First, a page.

Back in 2013, I found myself in a bit of a quarter life crisis. I had turned 24, and I wasn’t anywhere near where I thought I’d be at that age. I started thinking about my long-term goals. Something that kept coming to my mind was that someday when I look back on my life, I want to be proud of the work I’ve done on this earth. I had always wanted to travel to Africa. I realized, maybe it was time to pursue that dream. 

I found a program where I could work with orphans in Kenya, and I signed up for three months. Fast forward to my first day at El Shadai Grace Children’s Centre in Nairobi, Kenya. There I was: in Kenya, meeting orphans who sleep 3-4 to a bed and were dressed in ragged, smelly, dirty clothes ... all of the images we often see in the media. As they started singing, dancing, and playing I saw such immense joy. The kids certainly didn’t seem to mind that they didn’t have nice things; they were still so happy and beautiful. 

It’s difficult to explain what the experience is like living amongst so much poverty. The streets are bumpy dirt roads that are quite literally filled with trash. As you walk around you can smell the smoke from charcoal stoves, from gizzards frying on the side of the road, or from burning trash in the street because people can’t afford trash pick-up. You see street kids who are homeless, digging through trash piles hoping to find food. When they see you and come running up to you asking for sweets you wish you could give them the world. When you need to use a restroom, sometimes the only facility is a latrine that smells unlike anything you’ve ever smelled, and is likely swarming with flies on a hot African day. I’m not going to lie; it’s a difficult adjustment for any westerner. 

The longer I stayed with the kids, the more I grew accustomed to the sights, sounds, and smells, and I started to fall in love. I learned the stories of how each of the 25 children came to live there. Some of the things those children have experienced are absolutely horrifying. It was AMAZING to me how children could be so resilient and have so much joy in their hearts. They laugh, they sing, they love bubbles, they love practical jokes. They are CHILDREN. It blew my mind how, regardless of their horrible pasts, children are children everywhere. The only difference between them and me is where we happened to be born. It seemed incredibly unfair that they had been dealt such tough cards. During my first trip, other volunteers and I completed several renovation projects.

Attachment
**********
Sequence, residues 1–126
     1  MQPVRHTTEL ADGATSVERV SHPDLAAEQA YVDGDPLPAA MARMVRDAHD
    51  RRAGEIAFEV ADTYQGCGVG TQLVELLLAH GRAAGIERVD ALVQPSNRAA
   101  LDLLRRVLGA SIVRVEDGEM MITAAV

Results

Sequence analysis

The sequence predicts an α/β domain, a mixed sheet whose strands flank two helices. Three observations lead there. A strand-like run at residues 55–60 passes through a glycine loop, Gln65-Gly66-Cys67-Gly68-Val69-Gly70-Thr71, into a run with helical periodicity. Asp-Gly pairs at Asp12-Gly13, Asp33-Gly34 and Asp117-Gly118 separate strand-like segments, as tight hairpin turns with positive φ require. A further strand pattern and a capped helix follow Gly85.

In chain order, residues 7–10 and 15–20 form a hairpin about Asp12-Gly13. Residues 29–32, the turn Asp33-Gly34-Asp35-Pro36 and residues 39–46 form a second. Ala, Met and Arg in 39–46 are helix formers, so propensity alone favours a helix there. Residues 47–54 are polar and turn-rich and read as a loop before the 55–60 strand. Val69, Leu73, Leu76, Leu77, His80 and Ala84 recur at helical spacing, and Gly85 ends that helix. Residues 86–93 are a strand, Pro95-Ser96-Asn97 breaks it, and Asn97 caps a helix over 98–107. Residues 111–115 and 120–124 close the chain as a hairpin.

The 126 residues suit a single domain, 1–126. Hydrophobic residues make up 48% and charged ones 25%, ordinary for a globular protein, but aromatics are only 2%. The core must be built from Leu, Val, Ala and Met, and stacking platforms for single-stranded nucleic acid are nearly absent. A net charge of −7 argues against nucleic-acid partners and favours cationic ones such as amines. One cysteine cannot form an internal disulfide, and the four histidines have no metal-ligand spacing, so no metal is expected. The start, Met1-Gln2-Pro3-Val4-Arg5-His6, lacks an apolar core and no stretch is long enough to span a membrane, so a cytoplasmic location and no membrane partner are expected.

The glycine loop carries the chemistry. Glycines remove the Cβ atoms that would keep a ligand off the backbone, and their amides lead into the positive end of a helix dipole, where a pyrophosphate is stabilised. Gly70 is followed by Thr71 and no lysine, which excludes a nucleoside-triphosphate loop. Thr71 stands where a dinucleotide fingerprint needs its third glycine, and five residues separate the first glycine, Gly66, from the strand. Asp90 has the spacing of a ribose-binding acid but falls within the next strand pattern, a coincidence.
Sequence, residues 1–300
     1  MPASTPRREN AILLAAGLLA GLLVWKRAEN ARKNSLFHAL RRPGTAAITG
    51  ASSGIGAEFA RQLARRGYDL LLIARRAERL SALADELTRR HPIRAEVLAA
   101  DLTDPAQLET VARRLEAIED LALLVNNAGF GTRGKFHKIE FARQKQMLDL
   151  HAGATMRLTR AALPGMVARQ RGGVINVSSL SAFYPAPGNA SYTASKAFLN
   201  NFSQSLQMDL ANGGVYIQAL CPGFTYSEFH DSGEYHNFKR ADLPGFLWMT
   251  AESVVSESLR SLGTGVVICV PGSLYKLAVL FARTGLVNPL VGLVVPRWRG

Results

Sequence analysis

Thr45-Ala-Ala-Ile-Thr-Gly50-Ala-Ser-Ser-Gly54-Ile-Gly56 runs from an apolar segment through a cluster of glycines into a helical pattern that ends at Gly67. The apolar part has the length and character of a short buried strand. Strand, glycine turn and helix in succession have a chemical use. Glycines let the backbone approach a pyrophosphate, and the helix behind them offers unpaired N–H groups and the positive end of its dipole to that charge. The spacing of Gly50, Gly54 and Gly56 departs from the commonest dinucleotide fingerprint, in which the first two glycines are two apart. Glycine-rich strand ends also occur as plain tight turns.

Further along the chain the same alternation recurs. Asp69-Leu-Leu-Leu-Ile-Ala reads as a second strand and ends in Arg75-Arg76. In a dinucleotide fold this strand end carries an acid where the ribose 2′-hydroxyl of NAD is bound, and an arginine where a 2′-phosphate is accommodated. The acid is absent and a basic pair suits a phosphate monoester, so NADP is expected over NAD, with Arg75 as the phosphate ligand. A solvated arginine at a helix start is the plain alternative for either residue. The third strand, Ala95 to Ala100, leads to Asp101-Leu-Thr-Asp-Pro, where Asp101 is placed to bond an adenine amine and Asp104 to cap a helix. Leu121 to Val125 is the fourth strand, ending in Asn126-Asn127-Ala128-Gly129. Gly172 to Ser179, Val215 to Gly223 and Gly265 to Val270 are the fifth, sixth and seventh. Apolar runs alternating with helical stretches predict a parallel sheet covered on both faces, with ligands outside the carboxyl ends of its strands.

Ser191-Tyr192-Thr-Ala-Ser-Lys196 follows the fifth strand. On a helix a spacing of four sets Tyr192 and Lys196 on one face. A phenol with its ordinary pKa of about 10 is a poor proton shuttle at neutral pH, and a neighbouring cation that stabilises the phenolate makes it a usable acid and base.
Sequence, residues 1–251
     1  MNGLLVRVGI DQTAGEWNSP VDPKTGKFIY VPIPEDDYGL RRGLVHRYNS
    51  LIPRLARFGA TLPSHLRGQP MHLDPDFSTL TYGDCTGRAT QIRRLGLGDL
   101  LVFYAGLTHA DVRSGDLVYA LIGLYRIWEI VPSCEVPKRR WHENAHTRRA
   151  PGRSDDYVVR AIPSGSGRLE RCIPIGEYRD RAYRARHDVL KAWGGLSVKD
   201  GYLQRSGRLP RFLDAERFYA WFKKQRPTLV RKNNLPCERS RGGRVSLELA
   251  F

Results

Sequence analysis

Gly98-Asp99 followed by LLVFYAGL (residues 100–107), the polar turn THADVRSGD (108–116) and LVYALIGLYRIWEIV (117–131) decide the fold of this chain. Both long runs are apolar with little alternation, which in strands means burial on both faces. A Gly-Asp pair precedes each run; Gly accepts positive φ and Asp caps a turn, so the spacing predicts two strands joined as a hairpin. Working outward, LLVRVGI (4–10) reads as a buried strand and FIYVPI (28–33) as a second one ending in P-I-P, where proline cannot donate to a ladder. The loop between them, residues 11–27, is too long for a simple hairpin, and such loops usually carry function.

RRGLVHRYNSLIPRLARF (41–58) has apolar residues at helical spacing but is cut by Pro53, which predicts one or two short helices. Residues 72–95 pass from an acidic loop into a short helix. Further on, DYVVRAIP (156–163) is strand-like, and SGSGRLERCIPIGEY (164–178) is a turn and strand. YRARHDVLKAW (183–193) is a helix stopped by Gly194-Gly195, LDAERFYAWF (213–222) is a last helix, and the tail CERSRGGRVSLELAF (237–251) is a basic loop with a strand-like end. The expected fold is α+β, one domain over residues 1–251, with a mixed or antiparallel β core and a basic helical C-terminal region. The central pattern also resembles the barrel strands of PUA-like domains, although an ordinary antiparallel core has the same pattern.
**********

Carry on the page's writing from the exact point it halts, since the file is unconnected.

Friends and family members contributed over $5000 towards basic needs: more beds, blankets, school uniforms, rent for the orphanage, etc. We were able to make a big difference, but I knew that all we were doing was putting band-aids on the problems the kids faced. I wanted to make a lasting difference for these kids and many more. Our ultimate goal is to build a new home and start supporting businesses to ensure the care and protection of these kids for years to come. El Shadai rents a property right now that is dilapidated, unsafe, and has no electricity or running water. When we finish building, we can finally provide a safe home for our children and others. We will have far more space overall, which will allow us to bring in more children off the streets of Nairobi and into a safe home. Eventually, our supporting businesses will provide the orphanage with a source of income. 

It has become increasingly clear to me over the last two years how much of a difference one girl from Aurora, Colorado can make in the lives of so many children. By just making a commitment to help, I have been able to make a lasting difference in the lives of 24 children. And that is pretty cool. 

Of course, none of this would have been possible without the support of friends and family – financially and otherwise. I am so grateful to everyone who has contributed even $1 to this cause. Thank you for taking the time to read about my kids, and thank you for having an interest in Someone A World Away.
Cara Lawler